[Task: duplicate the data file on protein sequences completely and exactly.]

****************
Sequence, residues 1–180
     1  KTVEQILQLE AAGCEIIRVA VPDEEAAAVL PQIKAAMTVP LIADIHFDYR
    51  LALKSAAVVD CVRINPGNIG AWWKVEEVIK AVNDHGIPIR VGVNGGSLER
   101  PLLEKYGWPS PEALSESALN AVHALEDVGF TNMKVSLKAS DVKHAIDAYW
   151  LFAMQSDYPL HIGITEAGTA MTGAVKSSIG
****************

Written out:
Sequence, residues 1–180
     1  KTVEQILQLE AAGCEIIRVA VPDEEAAAVL PQIKAAMTVP LIADIHFDYR
    51  LALKSAAVVD CVRINPGNIG AWWKVEEVIK AVNDHGIPIR VGVNGGSLER
   101  PLLEKYGWPS PEALSESALN AVHALEDVGF TNMKVSLKAS DVKHAIDAYW
   151  LFAMQSDYPL HIGITEAGTA MTGAVKSSIG